Onshore, in the evergreen laurel forests that clad the flanks of the local volcanoes there are special birds such as the local Izu Islands Thrush and Ijima's Warbler, both of which can be seen easily seen on the islands of Miyake and Mikura.
Further south still there is a remote volcanic rock jutting from the sea known as Torishima - literally bird island. This spot on the planet is world-famous because each year the beautiful and exceedingly rare Short-tailed Albatross returns here to breed. From near extermination, early in the 20th century, concerted efforts by scientists, local government and conservationists have seen their numbers climb back in to the low hundreds and reach relative security once again.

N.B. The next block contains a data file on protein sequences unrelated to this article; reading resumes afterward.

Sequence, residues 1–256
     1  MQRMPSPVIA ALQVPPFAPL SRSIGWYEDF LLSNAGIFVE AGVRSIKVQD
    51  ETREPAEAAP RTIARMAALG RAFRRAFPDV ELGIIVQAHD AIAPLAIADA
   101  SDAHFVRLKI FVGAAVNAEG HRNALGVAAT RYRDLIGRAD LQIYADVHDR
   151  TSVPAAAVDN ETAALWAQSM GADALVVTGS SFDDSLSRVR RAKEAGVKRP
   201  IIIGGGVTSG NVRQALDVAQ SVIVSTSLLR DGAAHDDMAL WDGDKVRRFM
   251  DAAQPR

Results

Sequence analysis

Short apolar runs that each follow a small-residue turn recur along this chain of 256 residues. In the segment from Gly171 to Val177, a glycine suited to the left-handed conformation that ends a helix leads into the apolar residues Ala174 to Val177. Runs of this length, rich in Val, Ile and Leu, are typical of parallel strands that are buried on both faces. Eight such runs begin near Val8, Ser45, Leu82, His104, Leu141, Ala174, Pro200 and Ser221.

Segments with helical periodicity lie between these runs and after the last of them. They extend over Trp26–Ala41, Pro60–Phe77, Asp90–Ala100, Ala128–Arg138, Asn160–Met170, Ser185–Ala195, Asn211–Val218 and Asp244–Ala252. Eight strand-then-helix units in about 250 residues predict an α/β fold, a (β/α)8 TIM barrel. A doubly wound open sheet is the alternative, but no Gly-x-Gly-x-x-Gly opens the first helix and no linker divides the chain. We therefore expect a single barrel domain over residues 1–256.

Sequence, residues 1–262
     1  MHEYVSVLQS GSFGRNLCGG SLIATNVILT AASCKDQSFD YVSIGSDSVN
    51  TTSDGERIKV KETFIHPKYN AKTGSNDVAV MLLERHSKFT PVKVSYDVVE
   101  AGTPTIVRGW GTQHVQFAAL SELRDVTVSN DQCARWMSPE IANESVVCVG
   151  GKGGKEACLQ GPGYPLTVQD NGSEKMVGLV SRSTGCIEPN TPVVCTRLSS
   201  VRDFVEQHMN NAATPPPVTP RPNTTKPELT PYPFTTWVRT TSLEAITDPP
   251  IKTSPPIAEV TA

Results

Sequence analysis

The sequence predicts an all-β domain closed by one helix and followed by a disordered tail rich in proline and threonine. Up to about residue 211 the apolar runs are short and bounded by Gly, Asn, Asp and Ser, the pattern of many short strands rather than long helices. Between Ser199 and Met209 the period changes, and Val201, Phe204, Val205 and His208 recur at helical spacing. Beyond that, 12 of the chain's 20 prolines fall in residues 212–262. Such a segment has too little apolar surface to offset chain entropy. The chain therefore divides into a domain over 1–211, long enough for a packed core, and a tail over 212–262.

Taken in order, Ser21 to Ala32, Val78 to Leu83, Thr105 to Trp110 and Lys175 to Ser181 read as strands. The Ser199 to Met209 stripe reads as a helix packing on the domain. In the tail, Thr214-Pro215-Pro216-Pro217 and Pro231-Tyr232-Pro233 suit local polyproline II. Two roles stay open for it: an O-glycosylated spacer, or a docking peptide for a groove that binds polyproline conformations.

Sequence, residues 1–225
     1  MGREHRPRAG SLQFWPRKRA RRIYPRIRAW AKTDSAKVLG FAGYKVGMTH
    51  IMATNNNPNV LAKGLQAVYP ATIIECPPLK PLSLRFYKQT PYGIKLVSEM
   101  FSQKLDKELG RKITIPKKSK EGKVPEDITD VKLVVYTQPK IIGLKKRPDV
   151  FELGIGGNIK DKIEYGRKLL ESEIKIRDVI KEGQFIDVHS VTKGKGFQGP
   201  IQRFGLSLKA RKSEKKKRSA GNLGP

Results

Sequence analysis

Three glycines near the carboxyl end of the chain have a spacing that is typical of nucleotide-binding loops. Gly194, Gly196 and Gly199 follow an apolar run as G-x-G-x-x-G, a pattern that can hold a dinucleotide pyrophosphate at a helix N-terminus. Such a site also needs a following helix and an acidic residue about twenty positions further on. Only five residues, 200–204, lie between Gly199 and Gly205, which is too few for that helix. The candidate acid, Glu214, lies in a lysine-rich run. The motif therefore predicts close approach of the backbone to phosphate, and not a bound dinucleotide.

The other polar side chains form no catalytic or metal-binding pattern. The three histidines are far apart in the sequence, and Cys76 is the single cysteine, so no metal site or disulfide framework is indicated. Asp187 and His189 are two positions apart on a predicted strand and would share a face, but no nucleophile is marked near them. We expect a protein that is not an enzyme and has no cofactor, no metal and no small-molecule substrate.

The island chain does not end here though. Way beyond Torishima, and a 1,000 km south of central Tokyo, lie the Ogasawara Islands, also known as the Bonin Islands. These tropical pacific islands are a far cry from downtown Tokyo, though still linked by local administration and local telephone charges. In their extreme isolation they have few species of birds, though the Bonin Islands Honeyeater is endemic here, but for botanists Chichi-jima and Haha-jima are tropical island paradises.
The islands have now attracted fame as a superb whale-watching destination where Humpback and Sperm whales are both likely, and they offer excellent snorkeling and diving too, and as a place to relax and unwind in tropical warmth, then few places can beat the isolated Ogasawara Islands.